When we launched Global Defence Technology (GDT) in 2011, armed forces and the defence industry were digesting lessons learned in Afghanistan and Iraq, some of the major military projects now rolling off the production line was still on the drawing board, and we were getting used to the idea of autonomous machines.
The F-35 programme was set to redefine aerial warfare, exoskeletons were more Iron Man fantasy than workable prototype and early-day military robots inspired Terminator headlines. The electromagnetic spectrum and cyberspace were emerging as the arena where future conflicts would be fought.
To celebrate issue 100, we jumped back in time to revisit some of the military projects and big topics we covered in our early days and find out where they are now.
Land robots: we’ve seen Iron Man, but no Terminator (yet)
Robots were all the rage when we launched GDT in 2011. Smaller ground robots such as the Wheelbarrow and the iRobot Warrior were carrying out vital bomb disposal and other combat support tasks. But the headlines were dominated by ‘wearable robot suits’ as well as humanoid and animal-shaped robots such as Boston Dynamics’ Atlas and Cheetah , which were both in development with DARPA funding.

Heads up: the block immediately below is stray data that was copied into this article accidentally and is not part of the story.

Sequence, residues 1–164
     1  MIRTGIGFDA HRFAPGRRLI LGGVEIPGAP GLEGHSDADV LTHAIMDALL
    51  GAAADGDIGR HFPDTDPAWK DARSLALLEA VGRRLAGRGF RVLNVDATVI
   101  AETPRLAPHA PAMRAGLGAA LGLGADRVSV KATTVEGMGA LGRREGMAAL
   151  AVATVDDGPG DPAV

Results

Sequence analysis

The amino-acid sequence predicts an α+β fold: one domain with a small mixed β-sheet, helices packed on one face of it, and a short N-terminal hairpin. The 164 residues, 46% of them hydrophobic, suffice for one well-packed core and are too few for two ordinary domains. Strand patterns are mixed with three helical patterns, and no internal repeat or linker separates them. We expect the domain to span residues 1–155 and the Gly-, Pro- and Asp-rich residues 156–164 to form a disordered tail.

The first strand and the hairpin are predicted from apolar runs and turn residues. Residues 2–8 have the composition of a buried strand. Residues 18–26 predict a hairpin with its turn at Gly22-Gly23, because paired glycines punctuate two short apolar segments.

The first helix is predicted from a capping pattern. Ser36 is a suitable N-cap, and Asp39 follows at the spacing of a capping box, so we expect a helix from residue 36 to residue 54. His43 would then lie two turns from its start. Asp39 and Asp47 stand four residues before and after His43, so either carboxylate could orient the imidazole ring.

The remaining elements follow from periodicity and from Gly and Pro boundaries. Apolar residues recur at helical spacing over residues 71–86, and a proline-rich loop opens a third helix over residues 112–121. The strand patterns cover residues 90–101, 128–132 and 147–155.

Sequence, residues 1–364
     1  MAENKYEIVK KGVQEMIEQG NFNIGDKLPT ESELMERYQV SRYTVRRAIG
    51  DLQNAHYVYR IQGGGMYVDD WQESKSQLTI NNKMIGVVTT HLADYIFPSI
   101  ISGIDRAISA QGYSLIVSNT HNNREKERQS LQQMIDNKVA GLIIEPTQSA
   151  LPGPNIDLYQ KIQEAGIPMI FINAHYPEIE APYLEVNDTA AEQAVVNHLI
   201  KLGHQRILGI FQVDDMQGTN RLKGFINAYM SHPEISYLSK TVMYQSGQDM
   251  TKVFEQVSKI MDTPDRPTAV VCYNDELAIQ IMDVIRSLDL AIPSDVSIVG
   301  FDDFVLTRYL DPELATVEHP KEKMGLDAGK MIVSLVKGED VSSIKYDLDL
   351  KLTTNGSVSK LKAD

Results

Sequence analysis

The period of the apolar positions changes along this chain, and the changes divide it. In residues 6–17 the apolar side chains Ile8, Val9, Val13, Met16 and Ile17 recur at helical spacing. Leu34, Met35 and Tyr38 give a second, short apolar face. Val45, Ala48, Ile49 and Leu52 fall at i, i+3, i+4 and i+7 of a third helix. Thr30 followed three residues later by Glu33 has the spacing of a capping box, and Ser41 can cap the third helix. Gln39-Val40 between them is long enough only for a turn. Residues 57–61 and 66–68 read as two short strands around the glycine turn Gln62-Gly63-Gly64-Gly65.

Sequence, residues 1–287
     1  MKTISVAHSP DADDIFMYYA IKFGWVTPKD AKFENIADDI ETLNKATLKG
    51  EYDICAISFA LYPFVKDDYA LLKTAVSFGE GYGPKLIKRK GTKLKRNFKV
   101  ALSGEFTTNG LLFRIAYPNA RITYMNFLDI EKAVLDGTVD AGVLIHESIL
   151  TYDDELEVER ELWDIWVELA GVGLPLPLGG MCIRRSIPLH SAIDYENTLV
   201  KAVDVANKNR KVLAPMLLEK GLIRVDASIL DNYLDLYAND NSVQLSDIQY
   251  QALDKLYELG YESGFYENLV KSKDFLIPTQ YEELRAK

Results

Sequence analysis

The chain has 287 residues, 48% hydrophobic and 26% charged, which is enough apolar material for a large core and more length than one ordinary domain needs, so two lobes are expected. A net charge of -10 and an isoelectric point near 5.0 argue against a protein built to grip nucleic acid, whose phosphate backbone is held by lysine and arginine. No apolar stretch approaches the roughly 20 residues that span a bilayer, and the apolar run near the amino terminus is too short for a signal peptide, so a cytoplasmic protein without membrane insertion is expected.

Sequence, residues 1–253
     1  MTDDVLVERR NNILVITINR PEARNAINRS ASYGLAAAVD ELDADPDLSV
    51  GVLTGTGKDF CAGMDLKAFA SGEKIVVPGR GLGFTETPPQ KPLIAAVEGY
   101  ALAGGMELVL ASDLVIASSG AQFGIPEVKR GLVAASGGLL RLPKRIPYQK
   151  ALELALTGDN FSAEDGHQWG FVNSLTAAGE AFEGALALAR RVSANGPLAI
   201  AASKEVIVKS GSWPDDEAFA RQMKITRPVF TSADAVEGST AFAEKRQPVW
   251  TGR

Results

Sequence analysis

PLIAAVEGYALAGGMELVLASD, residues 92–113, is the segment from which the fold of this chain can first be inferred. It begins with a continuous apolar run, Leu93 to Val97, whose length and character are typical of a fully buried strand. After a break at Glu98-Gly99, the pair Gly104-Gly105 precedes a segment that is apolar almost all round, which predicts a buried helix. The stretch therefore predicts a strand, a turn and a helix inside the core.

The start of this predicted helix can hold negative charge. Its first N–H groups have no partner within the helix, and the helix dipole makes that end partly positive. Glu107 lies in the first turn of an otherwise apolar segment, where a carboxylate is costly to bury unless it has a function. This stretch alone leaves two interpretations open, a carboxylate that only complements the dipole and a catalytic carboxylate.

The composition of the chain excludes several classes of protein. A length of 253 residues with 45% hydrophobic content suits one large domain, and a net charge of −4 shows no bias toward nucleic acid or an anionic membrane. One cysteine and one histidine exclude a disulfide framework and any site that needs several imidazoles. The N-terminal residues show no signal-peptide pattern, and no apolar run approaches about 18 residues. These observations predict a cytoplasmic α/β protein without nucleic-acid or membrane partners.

Military robotics development hasn’t gone the way of Terminator. We won’t have humanoid robots roaming the battlefields anytime soon – nor indeed four-legged ones, since the US Marine Corps abandoned the much-hyped BigDog project after the robotic packhorse was found to be too noisy for operational use.
Significant progress, both in terms of funding and development, has been made in an area of robotics that’s perhaps less exciting, but vital to operations: combat support and logistics. The UK’s Dstl is working on autonomous delivery drones – such as the TITAN – to reduce the risk to humans on the ‘last mile’ of frontline supply. Last year’s Exercise Autonomous Warrior – the first of its kind in the UK – tested a range of robotic support systems for frontline troops, including drones for enhanced situational awareness and automated fighting vehicles.
Robot suits haven’t made much progress – at least in the military – since our early days of reporting, although the US Army is now looking into commercial exoskeleton tech with renewed interest, and we have seen a real-life Iron Man complete a Royal Marines training course in the UK.
The F-35: a rollercoaster ride into combat
When we launched GDT, flight testing of the F-35 was in full swing. In our first issue we spoke to BAE Systems ’ lead test pilot for the F-35B, Graham Tomlinson, who said: “The F-35 brings 21st-century technology to the table.”